If all segments are available before clients start to receive them (like in video on demand (VOD) cases), the hash values hi,j of all individual segments S(i, j) can be pre-calculated, and delivered to the clients as a “code book”, depicted as in the following diagram, in one communication (again, possibly via a channel different from the channels they get segments). FIG. 5 is a diagram 500 illustrating a code book of hash values for an adaptation set A.
  • [0081]
    In this case, a client needs first to check the integrity of this “code book”, and then to use it like the online case to check:
  • [0000]

    H(S(i 1, 1))=h i1,1 , H(S(i 2, 2))=h i2,2 , . . . , H(S(i k , k))=h ik,k.
  • [0082]
    In many cases, not all segments are available way ahead of time for clients to receive them. Moreover, it is not pre-determined that a client will receive which stream, as a client may choose to receive segments of a stream in a dynamical manner according to its networking condition and resource availability. In those situations, hash values will only be calculated and provided to clients as their segments become available.
  • [0083]
    In a simple live case, when a client receives a segment S(ik, k), all the segments (in the k-th column of A) S(i, k), i=1, 2, . . . , m, are available. This situation makes it possible to pre-calculate the hash values of these segments and deliver them to clients, in a “vector” form [hi,k, h2,k, . . . , hm,k]. FIG. 6 is a diagram 600 illustrating a vector form of hash values.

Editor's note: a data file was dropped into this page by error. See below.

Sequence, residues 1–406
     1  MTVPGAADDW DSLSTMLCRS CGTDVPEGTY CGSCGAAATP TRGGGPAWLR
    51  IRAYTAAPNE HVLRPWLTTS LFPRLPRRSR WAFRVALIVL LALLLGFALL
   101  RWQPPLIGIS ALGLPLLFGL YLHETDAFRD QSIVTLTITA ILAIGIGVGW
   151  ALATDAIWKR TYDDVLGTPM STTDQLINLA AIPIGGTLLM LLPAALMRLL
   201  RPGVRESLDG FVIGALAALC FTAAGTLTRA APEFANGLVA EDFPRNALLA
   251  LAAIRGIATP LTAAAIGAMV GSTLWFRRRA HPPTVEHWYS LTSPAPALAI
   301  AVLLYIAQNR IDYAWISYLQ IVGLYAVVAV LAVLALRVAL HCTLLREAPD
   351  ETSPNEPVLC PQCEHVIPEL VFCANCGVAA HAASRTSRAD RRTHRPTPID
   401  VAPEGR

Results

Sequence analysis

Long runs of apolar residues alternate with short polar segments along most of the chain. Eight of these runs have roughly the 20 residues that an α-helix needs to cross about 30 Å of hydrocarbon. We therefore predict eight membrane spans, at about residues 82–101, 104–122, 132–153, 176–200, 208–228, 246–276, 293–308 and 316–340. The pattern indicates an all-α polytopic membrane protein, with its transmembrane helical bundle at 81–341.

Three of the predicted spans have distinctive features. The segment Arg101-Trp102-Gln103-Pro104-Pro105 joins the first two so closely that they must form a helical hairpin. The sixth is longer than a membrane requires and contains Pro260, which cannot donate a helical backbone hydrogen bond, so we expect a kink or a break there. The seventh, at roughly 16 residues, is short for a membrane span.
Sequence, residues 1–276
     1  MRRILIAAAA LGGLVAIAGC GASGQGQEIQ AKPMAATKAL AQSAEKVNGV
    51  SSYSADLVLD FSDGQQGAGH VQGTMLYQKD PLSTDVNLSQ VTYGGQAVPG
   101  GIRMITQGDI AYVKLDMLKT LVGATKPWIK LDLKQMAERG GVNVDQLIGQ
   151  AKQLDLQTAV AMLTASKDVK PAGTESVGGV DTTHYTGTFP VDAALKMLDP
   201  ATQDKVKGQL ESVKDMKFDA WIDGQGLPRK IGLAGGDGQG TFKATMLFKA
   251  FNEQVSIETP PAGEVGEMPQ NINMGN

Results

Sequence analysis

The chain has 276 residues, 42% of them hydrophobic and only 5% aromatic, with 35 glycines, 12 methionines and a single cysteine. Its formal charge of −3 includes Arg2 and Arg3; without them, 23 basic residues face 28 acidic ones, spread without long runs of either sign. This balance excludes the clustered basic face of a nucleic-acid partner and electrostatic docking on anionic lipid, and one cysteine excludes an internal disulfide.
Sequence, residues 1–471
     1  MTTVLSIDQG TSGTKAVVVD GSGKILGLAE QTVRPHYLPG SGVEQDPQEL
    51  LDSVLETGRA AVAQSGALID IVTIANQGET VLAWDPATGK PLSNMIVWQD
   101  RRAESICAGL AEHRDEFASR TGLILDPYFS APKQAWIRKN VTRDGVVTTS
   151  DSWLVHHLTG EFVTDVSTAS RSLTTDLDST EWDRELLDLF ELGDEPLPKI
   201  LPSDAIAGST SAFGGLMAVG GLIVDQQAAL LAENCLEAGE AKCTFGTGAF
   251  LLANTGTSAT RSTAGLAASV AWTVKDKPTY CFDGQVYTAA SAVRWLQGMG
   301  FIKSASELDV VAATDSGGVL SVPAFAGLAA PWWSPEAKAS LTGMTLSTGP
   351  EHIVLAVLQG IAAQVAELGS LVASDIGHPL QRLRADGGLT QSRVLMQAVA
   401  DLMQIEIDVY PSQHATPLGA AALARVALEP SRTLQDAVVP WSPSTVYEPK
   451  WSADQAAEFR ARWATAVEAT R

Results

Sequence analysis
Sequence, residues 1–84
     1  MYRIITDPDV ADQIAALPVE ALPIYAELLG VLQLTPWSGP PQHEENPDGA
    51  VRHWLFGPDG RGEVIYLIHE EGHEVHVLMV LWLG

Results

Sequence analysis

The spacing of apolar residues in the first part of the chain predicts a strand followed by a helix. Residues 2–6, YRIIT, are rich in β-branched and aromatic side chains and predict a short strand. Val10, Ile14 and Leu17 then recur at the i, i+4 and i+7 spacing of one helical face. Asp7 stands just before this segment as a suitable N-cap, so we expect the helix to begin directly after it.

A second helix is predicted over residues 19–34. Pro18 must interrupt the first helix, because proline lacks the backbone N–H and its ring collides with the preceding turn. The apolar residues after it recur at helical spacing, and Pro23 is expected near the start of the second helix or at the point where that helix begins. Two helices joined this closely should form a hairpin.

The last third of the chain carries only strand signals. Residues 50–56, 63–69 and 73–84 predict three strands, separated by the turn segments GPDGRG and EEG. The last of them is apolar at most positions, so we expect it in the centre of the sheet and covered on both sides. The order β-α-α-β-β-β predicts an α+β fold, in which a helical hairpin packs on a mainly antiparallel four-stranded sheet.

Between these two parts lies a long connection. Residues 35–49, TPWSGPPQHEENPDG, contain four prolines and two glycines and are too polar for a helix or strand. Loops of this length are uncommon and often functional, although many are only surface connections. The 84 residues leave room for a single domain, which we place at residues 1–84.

• [0084]
    This way, at for any k, a client needs first to check the integrity of this k-th “vector”, and then to use to check if
  • [0000]

    H(S(i k , k))=h ik,k.
  • [0085]
    Sometimes, when a client receives a segment S(ik, k), it is not known if all the segments (in the k-th column of A) S(i, k), i=1, 2, . . . , m, are available. Even worse, it may not be known if all the segments (in the columns of 1 to k-1 of A) are available, except the ones, S(i1, 1), S(i2, 2), . . . , S(ik, k), that have been received by the client.